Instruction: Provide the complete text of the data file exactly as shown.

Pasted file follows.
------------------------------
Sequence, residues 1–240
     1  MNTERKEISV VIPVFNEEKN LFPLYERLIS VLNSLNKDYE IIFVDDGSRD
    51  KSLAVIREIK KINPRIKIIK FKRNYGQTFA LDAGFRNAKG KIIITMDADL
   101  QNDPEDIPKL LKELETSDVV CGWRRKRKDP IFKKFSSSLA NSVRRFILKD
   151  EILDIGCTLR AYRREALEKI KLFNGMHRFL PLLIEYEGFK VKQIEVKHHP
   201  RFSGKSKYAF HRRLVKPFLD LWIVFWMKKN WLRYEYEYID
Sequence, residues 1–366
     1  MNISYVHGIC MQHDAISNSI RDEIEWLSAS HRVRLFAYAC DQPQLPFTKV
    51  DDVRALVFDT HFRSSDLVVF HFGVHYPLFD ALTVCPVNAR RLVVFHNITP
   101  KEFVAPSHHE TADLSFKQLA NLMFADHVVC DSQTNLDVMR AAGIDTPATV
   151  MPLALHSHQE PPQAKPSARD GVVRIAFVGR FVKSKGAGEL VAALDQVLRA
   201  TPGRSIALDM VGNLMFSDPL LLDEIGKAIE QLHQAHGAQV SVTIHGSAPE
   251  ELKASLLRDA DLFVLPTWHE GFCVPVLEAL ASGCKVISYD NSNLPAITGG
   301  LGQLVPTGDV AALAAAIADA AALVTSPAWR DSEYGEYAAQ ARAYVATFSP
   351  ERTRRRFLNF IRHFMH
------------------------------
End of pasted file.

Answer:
Sequence, residues 1–240
     1  MNTERKEISV VIPVFNEEKN LFPLYERLIS VLNSLNKDYE IIFVDDGSRD
    51  KSLAVIREIK KINPRIKIIK FKRNYGQTFA LDAGFRNAKG KIIITMDADL
   101  QNDPEDIPKL LKELETSDVV CGWRRKRKDP IFKKFSSSLA NSVRRFILKD
   151  EILDIGCTLR AYRREALEKI KLFNGMHRFL PLLIEYEGFK VKQIEVKHHP
   201  RFSGKSKYAF HRRLVKPFLD LWIVFWMKKN WLRYEYEYID
Sequence, residues 1–366
     1  MNISYVHGIC MQHDAISNSI RDEIEWLSAS HRVRLFAYAC DQPQLPFTKV
    51  DDVRALVFDT HFRSSDLVVF HFGVHYPLFD ALTVCPVNAR RLVVFHNITP
   101  KEFVAPSHHE TADLSFKQLA NLMFADHVVC DSQTNLDVMR AAGIDTPATV
   151  MPLALHSHQE PPQAKPSARD GVVRIAFVGR FVKSKGAGEL VAALDQVLRA
   201  TPGRSIALDM VGNLMFSDPL LLDEIGKAIE QLHQAHGAQV SVTIHGSAPE
   251  ELKASLLRDA DLFVLPTWHE GFCVPVLEAL ASGCKVISYD NSNLPAITGG
   301  LGQLVPTGDV AALAAAIADA AALVTSPAWR DSEYGEYAAQ ARAYVATFSP
   351  ERTRRRFLNF IRHFMH